Calibrating Your Robot Using UMBMark

By Paul Bouchier
This procedure summarizes the robot dead-reckoning calibration
procedure found in:
UMBMark – A Method for Measuring, Comparing, and Correcting Dead-reckoning Errors in Mobile Robots
by Borenstein et. al.

Overview

The paper asserts that most dead-reckoning errors come from 2 sources:

  1. Error in assumed wheelbase, which results in turning a different amount than dead-reckoning calculations predict
  2. Difference in wheel diameter. (Ron showed in simulation that a 0.1% error in wheel diameter produces significant deviation from driving a straight line.

The two error sources interact. The figure below shows how a robot can be incorrectly tuned so that these two errors cancel each other out, returning the robot to its starting position (when run in the clockwise direction only).


Figure 1: Two errors cancelling – copyright University of Michigan
The figure below shows how each error in the absence of the other can return the robot to the same ending location

Continue reading

SUBSUMPTION FOR THE SR04 AND JBOT ROBOTS

by David P. Anderson
26 March 2007

 

Featured Image: Subsumption diagram (Flynn & Jones).

Motivation
This article is a compilation of a series of email postings on the Dallas Personal Robotics Group list server concerning the topic of robot programming, and particularly the technique developed by Rodney Brooks and his colleagues at M.I.T., known as subsumption.

It’s not intended as an exhaustive study of the topic, but rather as an overview and context for some particular practical examples from my own robots. The two used here are the SR04 robot and jBot, although the LEGOBot runs very similar software. If you’d like to examine videos of the behaviors of these robots, the LEGOBot webpage has links for these and a few other robots.
Continue reading

PID Motor Control for Robot Applications

Written by Rick Bickle – November 7, 2003

The following presentation looks at the operation of control systems in general, as well as specific control systems for DC motor controls in robots. Circuits used in motor speed control, techniques for speed control, and examples of different types of control systems are shown. Finally, a description of a specific type of motor control system called a PID system is detailed, showing the mathematics of PID, the parameters, the algorithms used, possible pit falls of PID programming, and an example of a PID tuning method.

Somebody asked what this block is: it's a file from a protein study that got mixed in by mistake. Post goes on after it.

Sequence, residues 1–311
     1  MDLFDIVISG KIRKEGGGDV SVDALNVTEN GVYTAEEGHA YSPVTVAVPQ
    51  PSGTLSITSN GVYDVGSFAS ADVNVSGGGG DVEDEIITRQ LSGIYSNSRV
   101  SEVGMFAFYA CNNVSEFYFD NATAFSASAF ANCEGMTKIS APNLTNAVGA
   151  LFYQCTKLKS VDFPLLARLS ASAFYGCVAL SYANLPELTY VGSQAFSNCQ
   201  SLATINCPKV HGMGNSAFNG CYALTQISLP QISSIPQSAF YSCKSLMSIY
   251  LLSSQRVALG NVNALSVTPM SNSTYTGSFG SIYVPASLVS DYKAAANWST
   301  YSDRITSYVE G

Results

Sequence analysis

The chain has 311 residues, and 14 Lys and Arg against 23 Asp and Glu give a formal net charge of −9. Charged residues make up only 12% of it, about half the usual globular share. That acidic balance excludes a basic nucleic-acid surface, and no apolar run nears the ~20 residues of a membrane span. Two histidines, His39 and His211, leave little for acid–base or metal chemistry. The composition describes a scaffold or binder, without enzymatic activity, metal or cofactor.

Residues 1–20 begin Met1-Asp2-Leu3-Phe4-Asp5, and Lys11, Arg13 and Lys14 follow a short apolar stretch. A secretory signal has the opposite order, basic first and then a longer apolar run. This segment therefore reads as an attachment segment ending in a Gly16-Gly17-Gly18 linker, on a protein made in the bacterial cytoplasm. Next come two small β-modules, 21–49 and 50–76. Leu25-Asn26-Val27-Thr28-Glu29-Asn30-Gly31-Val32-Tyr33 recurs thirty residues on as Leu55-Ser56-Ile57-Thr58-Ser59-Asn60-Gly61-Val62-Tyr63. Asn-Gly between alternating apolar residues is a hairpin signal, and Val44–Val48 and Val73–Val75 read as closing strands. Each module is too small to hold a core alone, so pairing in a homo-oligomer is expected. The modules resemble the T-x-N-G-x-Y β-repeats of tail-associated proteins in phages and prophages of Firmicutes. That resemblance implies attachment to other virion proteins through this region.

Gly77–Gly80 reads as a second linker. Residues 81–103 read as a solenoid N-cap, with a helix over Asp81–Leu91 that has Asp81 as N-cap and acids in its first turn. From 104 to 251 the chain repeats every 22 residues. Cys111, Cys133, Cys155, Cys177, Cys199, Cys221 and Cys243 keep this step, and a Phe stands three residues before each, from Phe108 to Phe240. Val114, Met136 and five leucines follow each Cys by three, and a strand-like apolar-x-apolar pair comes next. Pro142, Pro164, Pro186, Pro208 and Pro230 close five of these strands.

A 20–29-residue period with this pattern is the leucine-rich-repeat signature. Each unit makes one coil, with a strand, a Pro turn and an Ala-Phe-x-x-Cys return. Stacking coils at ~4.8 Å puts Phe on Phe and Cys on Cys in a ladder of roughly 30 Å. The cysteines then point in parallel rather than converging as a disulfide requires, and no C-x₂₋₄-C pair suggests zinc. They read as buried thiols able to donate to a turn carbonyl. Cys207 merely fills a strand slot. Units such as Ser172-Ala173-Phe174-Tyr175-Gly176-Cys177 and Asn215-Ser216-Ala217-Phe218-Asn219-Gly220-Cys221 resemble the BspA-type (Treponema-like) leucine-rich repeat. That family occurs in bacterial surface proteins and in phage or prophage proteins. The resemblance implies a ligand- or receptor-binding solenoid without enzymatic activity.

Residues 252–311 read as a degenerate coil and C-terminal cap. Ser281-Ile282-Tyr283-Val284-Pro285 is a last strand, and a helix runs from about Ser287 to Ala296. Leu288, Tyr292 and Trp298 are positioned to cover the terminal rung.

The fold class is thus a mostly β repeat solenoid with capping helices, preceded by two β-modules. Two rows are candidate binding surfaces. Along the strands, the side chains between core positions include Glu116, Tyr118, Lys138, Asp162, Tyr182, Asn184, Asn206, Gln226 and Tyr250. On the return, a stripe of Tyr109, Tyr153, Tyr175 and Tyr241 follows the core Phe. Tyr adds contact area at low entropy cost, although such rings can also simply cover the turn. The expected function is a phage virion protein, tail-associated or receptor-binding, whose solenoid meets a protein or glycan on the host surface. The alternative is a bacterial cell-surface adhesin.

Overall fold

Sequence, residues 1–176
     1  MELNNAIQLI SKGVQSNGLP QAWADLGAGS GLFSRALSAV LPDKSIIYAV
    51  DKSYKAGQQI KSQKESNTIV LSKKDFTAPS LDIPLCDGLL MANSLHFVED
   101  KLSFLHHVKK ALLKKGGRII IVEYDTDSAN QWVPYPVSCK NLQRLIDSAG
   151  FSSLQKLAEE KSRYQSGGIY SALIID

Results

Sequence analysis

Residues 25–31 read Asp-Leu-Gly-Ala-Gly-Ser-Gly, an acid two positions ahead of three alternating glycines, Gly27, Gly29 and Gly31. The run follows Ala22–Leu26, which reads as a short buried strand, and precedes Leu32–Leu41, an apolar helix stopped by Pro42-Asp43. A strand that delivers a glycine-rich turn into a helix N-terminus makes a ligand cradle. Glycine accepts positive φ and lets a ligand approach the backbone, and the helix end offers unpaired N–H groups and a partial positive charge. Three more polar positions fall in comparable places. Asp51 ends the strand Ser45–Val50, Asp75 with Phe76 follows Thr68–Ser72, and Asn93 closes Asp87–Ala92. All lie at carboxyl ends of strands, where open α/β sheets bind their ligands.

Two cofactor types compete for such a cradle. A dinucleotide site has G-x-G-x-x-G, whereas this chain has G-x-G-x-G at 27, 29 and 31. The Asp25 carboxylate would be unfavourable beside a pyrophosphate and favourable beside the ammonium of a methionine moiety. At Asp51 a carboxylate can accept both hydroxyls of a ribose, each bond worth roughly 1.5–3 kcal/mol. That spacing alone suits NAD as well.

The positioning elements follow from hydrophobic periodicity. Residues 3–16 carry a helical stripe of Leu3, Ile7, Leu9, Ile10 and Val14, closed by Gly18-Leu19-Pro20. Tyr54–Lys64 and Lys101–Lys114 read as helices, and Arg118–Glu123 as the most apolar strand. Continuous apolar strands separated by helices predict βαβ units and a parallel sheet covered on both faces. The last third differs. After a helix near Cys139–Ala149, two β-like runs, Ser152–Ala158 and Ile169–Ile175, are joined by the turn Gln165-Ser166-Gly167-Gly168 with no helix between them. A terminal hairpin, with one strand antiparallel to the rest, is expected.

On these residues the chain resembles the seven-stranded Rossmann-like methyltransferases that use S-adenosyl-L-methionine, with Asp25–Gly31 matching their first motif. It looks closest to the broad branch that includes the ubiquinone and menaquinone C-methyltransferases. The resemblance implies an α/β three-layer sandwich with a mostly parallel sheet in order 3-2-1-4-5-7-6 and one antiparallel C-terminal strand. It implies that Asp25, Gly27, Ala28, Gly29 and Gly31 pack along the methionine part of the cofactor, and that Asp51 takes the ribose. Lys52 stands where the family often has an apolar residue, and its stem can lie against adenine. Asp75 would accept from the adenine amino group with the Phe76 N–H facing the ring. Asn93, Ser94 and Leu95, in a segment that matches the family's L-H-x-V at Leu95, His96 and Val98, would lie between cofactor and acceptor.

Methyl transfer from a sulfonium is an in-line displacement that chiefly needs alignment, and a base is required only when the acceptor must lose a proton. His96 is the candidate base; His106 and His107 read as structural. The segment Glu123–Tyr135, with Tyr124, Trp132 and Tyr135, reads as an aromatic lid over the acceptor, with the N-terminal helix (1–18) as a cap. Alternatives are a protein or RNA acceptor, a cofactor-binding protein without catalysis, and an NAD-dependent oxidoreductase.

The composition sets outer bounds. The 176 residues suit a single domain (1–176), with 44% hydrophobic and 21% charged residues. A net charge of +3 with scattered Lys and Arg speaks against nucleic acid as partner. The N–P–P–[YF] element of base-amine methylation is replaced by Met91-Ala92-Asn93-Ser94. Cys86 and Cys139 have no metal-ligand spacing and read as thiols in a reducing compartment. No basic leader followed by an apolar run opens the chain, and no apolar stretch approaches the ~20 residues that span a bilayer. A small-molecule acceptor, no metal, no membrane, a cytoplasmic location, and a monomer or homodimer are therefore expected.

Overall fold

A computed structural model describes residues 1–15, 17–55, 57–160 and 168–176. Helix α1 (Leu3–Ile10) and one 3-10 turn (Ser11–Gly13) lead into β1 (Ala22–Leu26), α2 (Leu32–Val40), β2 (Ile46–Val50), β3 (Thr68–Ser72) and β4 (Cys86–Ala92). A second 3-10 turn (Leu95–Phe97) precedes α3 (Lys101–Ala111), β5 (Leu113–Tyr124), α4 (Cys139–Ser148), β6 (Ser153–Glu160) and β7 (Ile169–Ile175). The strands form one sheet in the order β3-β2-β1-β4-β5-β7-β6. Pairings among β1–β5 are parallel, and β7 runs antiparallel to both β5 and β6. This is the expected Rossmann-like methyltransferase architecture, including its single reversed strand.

Presentation PDF file: motorcontrol

Need even more information on PID? Here are links to a few other good sources of information on this important control technique.

Brief H-Bridge Theory of Operation

April 1998, Written by Jim Brown
September 2002, page format revised, links updated by Bob Jordan

What’s all this talk about H-Bridges? How do they work? Well let’s see . . .

How do we make a motor turn?
You take a battery; hook the positive side to one side of your DC motor. Then you connect the negative side of the battery to the other motor lead. The motor spins forward. If you swap the battery leads the motor spins in reverse.

Ok, that’s basic. Now lets say you want a Micro Controller Unit (MCU) to control the motor, how would you do it? Well, for starters you get a device that would act like a solid state switch, a transistor, and hook it up the motor.

NOTE: If you connect up these relay circuits, remember to put a diode across the coil of the relay. This will keep the spike voltage (back EMF), coming out of the coil of the relay, from getting into the MCU and damaging it. The anode, which is the arrow side of the diode, should connect to ground. The bar, which is the Cathode side of the diode, should connect to the coil where the MCU connects to the relay.

Diagram 1Continue reading